The Biden administration has picked the first 10 high-priced prescription drugs subject to federal price negotiations, taking a swipe at the powerful pharmaceutical industry — a major turning point in a long-fought battle to control ever-rising drug prices for seniors and eventually other Americans.
Under the 2022 Inflation Reduction Act, Congress gave the federal government the power to negotiate prices for certain high-cost drugs under Medicare. The list of drugs selected by the Centers for Medicare & Medicaid Services will grow over time.
The first eligible drugs treat diabetes, blood clots, blood cancers, arthritis and heart disease — and accounted for about $50 billion in spending from June 2022 to this past May.
The United States is an outlier on drug costs, with drugmakers charging Americans many times more than people in other countries “simply because they could,” Biden said Tuesday at the White House. “I think it’s outrageous. That’s why these negotiations matter.
“We’re going to keep standing up to Big Pharma,” Biden said, “and we’re not going to back down.”
Democratic lawmakers cheered the announcement, and the pharmaceutical industry, which has filed lawsuits against the law, condemned it.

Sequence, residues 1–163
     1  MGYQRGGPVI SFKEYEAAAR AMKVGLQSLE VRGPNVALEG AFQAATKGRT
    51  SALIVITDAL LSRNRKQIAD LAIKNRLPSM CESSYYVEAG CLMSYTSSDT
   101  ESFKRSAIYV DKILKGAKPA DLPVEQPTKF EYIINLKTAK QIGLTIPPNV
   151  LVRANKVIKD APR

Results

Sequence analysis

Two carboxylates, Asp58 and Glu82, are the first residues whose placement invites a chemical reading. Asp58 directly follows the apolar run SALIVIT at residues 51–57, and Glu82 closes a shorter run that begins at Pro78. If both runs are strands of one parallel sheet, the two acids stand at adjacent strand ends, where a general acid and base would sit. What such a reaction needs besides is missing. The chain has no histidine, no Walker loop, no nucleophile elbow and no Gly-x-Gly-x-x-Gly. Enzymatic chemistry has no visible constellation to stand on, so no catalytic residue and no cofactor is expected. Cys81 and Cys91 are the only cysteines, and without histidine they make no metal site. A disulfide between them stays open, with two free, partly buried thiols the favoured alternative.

The companies have until Oct. 2 to present data on their drugs to CMS, which will make initial price offers in February, setting off negotiations set to end next August.
The prices would go into effect in January 2026.
Here are five things to know about the impact:
1. How important is this?
Medicare has long been in control of the prices for its services, setting physician payments and hospital payments for about 65 million Medicare beneficiaries.
But it previously was prohibited from involvement in pricing prescription drugs, which it started covering in 2006.
Until now, the drug industry has successfully fought off price negotiations with Washington, though in most of the rest of the world governments set prices for medicines. While the first 10 drugs selected for negotiations are used by a minority of patients — nine million — CMS plans by 2029 to have negotiated prices for 50 drugs.